Tuesday, 17 May 2016


GOVERNMENT has banned the movement of cattle for grazing, fattening, marketing and breeding purposes to contain foot-and- mouth disease (FMD) and cut on vaccination costs, a senior Government official has revealed.

 Only cattle going straight for slaughter will be permitted to move from one district to another.
The new measure will see farmers establishing feedlots and marketing the livestock in their areas.

Initially, farmers used to transport their cattle to abattoirs for sale but now the abattoir operators will have to go to the farming areas to buy cattle and fatten them there.
FMD had by February spread to six districts, a situation which saw the country receiving assistance from the Food and Agriculture Organisation (FAO) and the European Union (EU).

Agriculture, Mechanisation and Irrigation Development Deputy Minister responsible for Livestock Paddy Zhanda said the ban in cattle movement would reduce costs as the “vaccines are not for free”.

“Vaccinations are not for free; they cost us money and we buy them from a Botswana vaccine factory. We do not want to rely on vaccinating cattle as a way of controlling FMD. We also do not want to centralise the marketing of cattle, which will then make it possible for the spread of the disease.
“There is an element of outbreak of FMD that we can deal with at a certain centre and then there is an element of spreading of FMD, that is what we do not want to do,” he said.
Deputy Minister Zhanda said once auctioning of cattle and the establishment of feedlots was done at a place where the cattle are being produced, small-scale farmers will not have to bear the cost of transporting cattle all the way to the market and if they are not sold, transport them back again resulting in the spread of FMD.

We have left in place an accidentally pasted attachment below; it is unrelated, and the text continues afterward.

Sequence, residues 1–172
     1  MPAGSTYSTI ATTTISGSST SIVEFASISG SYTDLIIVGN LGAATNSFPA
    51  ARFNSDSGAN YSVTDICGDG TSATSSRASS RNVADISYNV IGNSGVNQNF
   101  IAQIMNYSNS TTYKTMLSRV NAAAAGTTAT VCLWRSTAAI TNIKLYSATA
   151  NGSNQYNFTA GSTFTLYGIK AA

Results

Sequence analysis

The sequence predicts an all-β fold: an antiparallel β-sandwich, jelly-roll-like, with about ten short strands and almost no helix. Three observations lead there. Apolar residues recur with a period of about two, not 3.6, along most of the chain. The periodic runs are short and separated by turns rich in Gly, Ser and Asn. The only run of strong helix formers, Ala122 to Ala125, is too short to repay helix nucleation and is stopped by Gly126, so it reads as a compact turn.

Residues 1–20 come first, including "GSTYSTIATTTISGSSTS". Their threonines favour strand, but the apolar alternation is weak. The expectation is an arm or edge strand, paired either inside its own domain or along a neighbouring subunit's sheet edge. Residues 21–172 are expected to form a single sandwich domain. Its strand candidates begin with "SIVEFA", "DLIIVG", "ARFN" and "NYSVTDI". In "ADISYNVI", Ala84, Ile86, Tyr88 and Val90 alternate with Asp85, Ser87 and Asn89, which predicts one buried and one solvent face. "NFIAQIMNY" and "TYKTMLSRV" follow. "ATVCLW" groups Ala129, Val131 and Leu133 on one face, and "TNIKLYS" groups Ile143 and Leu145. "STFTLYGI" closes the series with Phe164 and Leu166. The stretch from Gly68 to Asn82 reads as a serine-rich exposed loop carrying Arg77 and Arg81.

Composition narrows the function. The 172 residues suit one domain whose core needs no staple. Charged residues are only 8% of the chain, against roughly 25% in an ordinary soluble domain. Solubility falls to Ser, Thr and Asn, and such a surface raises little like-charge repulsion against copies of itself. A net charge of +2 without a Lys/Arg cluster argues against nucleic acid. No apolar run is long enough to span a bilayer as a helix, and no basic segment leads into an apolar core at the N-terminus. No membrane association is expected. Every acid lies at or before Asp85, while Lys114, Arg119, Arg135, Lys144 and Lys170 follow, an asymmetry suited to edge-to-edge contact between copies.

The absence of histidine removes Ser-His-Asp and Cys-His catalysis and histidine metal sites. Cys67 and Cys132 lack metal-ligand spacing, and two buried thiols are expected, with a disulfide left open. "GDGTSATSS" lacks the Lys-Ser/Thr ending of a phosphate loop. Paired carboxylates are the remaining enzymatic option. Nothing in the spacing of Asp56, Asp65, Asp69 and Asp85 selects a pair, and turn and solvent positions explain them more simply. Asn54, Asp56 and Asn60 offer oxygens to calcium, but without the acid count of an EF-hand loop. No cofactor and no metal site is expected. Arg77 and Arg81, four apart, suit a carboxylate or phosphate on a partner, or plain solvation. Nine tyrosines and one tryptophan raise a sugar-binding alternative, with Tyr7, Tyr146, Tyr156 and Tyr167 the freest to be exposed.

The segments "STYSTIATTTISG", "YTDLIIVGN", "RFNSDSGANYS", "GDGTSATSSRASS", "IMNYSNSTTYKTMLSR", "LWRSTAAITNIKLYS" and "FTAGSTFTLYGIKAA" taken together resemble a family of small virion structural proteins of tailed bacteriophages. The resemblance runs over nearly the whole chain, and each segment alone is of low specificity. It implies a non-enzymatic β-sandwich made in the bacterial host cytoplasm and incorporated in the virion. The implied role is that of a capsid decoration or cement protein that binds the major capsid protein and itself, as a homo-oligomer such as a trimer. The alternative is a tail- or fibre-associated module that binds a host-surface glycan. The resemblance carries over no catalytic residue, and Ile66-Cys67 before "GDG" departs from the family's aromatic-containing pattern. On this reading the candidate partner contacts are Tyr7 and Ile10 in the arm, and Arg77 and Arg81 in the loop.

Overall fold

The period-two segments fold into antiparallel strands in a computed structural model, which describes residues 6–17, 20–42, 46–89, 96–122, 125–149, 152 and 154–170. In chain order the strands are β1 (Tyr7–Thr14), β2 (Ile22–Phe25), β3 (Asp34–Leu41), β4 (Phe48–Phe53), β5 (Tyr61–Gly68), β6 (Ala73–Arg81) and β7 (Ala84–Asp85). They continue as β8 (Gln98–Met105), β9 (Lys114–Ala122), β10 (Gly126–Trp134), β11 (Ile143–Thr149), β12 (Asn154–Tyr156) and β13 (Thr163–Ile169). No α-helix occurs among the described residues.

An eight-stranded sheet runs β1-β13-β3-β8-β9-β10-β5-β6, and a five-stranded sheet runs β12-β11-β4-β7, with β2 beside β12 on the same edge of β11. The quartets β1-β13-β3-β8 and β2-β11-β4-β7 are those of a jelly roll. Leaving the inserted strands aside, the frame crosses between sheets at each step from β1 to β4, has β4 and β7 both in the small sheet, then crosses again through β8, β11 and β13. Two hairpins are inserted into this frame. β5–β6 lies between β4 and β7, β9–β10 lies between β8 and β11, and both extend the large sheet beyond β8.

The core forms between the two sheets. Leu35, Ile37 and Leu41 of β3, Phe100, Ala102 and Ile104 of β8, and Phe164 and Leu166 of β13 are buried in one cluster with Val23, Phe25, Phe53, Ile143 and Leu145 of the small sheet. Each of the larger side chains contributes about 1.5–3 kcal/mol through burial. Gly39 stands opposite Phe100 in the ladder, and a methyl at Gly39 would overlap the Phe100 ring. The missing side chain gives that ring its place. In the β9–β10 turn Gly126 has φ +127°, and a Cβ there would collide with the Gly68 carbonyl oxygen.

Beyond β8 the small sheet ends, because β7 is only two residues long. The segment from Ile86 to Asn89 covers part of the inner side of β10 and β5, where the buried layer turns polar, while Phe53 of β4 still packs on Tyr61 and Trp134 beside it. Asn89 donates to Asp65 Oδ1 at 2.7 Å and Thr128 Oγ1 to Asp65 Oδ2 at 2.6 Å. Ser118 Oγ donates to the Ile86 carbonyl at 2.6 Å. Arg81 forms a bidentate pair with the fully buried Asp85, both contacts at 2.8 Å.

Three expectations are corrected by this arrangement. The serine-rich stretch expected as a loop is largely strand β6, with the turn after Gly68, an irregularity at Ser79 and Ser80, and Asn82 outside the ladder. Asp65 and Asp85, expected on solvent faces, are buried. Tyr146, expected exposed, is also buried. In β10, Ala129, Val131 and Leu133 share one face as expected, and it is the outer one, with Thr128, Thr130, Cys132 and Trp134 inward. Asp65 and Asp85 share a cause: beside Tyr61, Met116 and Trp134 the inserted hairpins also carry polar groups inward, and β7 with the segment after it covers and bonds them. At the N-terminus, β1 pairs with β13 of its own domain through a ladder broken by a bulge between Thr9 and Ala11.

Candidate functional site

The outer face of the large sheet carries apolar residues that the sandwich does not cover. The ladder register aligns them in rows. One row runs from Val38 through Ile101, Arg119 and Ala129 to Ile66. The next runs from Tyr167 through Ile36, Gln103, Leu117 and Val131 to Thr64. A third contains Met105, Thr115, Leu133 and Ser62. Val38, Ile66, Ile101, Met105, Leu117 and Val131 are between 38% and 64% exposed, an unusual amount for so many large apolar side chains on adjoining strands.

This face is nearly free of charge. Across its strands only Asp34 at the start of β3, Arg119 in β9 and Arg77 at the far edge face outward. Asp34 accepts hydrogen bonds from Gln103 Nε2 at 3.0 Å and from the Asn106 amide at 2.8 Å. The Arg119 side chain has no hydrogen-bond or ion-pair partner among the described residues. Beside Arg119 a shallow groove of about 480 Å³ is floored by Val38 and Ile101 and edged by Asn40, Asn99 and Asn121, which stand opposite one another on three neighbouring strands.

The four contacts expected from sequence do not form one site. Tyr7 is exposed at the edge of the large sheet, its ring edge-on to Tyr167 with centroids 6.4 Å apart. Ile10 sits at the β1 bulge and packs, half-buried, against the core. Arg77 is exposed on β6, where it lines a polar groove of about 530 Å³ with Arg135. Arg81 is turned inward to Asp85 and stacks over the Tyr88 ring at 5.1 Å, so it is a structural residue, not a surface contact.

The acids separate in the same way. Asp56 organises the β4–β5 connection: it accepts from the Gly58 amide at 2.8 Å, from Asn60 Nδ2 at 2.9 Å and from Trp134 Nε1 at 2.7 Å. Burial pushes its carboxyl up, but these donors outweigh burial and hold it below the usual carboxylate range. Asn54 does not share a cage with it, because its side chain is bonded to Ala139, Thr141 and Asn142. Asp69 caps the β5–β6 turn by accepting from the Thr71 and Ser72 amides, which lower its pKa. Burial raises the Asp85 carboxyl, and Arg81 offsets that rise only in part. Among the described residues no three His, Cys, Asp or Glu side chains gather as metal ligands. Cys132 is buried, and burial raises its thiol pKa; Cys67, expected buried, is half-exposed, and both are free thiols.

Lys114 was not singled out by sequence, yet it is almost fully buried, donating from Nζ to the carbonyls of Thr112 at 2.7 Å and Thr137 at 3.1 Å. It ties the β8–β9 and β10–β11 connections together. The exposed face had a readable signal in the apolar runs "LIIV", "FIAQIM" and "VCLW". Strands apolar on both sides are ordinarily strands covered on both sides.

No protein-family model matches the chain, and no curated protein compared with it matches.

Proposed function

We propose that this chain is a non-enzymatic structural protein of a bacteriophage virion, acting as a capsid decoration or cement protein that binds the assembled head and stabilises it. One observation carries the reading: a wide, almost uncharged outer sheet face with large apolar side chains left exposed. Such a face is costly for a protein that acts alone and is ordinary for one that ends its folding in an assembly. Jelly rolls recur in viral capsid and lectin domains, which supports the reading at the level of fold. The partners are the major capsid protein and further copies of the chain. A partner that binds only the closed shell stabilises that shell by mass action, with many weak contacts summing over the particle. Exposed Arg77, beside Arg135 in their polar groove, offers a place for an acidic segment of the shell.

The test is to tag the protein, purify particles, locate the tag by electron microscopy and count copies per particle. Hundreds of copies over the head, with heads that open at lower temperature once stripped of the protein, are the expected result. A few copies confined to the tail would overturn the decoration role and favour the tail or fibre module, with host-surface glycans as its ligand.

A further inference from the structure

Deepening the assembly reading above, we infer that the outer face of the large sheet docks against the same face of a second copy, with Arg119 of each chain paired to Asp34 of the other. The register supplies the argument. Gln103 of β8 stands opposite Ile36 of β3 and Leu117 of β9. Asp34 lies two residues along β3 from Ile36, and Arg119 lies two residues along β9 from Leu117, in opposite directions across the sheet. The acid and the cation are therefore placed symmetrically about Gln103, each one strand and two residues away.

“These are the new measures that we are putting in place to make sure we restrict the movement of cattle from one district to another and make sure that the auctioning and fattening of cattle is done there.

“We have since established that centralisation of cattle marketing is not for the benefit of the small-scale farmers but it is for the benefit of those established auctioning companies. Abattoirs want cattle to come to them, and not them to go and look for cattle where they are.

“Unfortunately, we are not going to do that. We want to decentralise the marketing, auctioning and fattening of cattle to where the production is taking place,” he said.
He said the efforts being put in place by Government to reduce the spread of FMD were also in line with international organisations.

“Even our negotiations with the International Animal Health at the moment, recognises that we have to make sure that we quarantine and fatten the cattle where they are. If they are there for 45 days, they can even be certified to be exported because we would have widened and made sure that there is no diseases outbreak,” he said. herald


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